The impact of the timing of induction on the metabolism and productivity of CHO cells in culture
•Effects of low and high cell density at induction on the productivity of CHO cells.•Induced cultures characterized using 13C-substrates and isotopomer analysis.•Culture productivity correlated with changes in metabolic flux distribution.
Efficient inducible mammalian expression systems are becoming increasingly available and are particularly attractive from a process optimization point of view in that they allow decoupling the growth and production phases. In biphasic processes, the timing of induction is one of the most critical factors to consider for maximizing the productivity, since it will affect both the cumulative biomass concentration and the cell specific productivity. In an effort to assess how these two factors must be balanced for optimal productivity, we have performed a metabolic characterization of CHO cells expressing a recombinant antibody and harboring an efficient inducible expression system. Cells taken at different stages of growth were transferred and induced in fresh medium at their corresponding cell densities, and the kinetics of growth, nutrient consumption and product formation were compared during the production phase. Low cell density inductions achieved lower maximum cell concentrations, but exhibited higher cell specific productivity and greater culture longevity, and ultimately led to increased final product titers. To gain more physiological insights into the observed differences, 13C metabolic flux analysis was performed to characterize and compare the metabolism of cells induced at respectively low and high cell concentrations. A number of key intracellular fluxes were found to be affected by the cell density and the corresponding availability of nutrients during the induction phase. While glucose utilization efficiency is increased in high cell density induction, thereby reducing the specific lactate production rate, it appears to be compensating for the decreased catabolic rates of amino acids. The comprehensive metabolic characterization performed in this work can help guide the development of an efficient feeding strategy pre- and post-induction.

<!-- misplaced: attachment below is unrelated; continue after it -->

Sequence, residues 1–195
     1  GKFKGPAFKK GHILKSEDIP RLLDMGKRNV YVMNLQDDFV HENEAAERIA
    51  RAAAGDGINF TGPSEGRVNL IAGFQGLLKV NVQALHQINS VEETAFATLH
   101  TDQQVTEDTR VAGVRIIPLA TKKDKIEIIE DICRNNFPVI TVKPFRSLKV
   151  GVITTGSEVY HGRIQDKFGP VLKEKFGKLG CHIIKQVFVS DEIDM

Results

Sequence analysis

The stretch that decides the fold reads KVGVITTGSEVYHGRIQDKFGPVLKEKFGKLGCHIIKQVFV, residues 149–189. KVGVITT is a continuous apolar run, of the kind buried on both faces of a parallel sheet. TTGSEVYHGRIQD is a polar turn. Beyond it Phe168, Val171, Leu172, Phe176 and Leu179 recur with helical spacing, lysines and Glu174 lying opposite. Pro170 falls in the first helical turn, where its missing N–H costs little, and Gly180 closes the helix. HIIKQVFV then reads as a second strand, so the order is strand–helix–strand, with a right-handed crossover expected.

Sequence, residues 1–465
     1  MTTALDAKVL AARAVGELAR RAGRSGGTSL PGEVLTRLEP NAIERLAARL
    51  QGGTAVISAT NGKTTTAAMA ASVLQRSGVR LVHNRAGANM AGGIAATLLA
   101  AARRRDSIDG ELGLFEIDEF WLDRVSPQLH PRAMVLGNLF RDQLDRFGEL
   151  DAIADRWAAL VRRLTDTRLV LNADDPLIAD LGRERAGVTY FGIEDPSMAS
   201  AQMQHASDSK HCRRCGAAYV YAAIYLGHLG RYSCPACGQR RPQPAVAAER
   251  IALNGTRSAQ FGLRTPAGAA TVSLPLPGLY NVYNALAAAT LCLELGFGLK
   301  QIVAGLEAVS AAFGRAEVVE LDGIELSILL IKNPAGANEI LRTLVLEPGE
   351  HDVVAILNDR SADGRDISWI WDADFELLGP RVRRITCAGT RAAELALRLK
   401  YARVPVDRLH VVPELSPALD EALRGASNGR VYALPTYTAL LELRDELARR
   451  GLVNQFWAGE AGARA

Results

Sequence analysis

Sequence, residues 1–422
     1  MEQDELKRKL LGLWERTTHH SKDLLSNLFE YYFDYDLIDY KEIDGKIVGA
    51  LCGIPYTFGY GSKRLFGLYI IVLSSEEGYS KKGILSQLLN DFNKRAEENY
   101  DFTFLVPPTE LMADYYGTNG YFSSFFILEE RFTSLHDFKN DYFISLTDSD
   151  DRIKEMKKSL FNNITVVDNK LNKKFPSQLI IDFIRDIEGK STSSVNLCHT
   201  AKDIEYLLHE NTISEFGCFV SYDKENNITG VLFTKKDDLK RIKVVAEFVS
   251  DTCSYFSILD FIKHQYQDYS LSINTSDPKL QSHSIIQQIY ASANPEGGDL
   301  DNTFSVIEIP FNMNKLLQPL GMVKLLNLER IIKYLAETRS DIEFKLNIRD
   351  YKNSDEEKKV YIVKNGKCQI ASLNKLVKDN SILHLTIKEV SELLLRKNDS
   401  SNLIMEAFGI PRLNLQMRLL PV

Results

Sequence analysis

Journal: Biochemical Engineering Journal - Volume 79, 15 October 2013, Pages 162–171